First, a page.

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Apollo Education Group, Inc. (NASDAQ:APOL)

F2Q 2014 Earnings Conference Call

April 1, 2014 5:00 PM ET

Executives

Beth Coronelli – VP of IR

Greg Cappelli – CEO

Brian Swartz – SVP, CFO

Analysts

Jason Anderson – Stifel Nicolaus

Suzanne Stein – Morgan Stanley

Corey Greendale – First Analysis

Paul Ginocchio – Deutsche Bank

Peter Appert – Piper Jaffray

Jeff Meuler – Robert W. Baird

Jeff Volshteyn – JPMorgan

Jeff Silber – BMO Capital Markets

Trace Urdan – Wells Fargo Securities

Tim Connor – William Blair

Phil Stiller – Citi

Operator

Good afternoon and welcome to the Apollo Education Group's Second Quarter 2014 Earnings Release Conference Call.

(Operator Instructions)

This conference call is being recorded today, April 1, 2014, and may not be reproduced in whole or in part without permission from the company. There will be a replay of this call available through April 18th beginning approximately two hours after we conclude today. The replay number is 855-859-2056 or 404-537-3406 internationally. The conference ID for the replay is 777-7523.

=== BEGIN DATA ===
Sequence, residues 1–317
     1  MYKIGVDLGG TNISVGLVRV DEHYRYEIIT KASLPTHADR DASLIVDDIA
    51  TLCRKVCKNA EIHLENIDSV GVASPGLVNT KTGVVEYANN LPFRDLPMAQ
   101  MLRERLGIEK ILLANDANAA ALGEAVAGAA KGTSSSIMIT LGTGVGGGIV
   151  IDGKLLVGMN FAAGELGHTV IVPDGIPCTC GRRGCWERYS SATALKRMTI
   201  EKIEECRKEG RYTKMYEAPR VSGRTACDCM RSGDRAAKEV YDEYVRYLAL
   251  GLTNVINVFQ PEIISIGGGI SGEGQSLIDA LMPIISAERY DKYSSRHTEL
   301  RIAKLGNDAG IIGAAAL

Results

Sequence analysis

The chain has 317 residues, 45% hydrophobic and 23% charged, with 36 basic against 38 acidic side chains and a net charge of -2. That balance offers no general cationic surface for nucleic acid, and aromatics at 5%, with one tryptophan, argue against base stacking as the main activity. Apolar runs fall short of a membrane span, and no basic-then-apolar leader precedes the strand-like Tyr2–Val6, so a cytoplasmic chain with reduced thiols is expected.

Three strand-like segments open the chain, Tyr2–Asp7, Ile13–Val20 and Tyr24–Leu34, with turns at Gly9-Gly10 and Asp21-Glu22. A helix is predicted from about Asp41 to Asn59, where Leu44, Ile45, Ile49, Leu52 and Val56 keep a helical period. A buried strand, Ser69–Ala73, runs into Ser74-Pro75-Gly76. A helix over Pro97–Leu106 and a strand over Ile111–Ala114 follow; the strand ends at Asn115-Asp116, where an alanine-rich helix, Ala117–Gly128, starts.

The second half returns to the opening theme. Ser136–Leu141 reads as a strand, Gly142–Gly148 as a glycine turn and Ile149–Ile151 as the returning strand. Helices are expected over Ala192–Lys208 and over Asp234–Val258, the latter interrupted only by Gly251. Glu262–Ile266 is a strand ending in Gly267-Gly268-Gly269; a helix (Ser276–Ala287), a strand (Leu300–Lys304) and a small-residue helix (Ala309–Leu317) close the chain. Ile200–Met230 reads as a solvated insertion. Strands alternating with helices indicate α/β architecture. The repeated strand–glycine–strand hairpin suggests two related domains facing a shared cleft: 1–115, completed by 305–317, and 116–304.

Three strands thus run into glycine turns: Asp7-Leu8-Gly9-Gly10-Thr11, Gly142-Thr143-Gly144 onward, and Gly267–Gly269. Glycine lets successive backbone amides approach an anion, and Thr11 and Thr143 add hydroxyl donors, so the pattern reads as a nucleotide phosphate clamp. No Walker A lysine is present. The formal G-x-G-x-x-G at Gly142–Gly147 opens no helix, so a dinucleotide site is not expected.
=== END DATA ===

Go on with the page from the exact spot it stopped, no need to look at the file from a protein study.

I would now like to turn the call over to Beth Coronelli, Vice President of Investor Relations. Mrs. Coronelli, please go ahead.

Beth Coronelli

Thank you. Thank you for joining us today to discuss our second quarter results. Participating on the call are Greg Cappelli, Chief Executive Officer of Apollo Education Group, and Brian Swartz, Senior Vice President and Chief Financial Officer. Greg will update you on our initiatives and strategy and Brian will discuss the second quarter financials and outlook.

As we discuss our results today, unless noted otherwise, we will be comparing second quarter of fiscal 2014 which ended February 28, 2014 to the second quarter of fiscal 2013.

I'd also like to remind you this conference call contains forward-looking statements with respect to the future performance and financial condition of Apollo Education Group, that involves risk and uncertainties. Various factors could cause actual results of the company to be materially different from any future results expressed or implied by such forward-looking statements, including changes in the competitive landscape, regulatory changes, and unexpected expenses or challenges in integrating acquired businesses. These and other factors are discussed under risk factors and elsewhere contained in our quarterly reports in Form 10-K for fiscal year 2013 filed with the SEC which is available on our website at www.apollo.edu. The company disclaims any obligation to update forward-looking statements made during the call.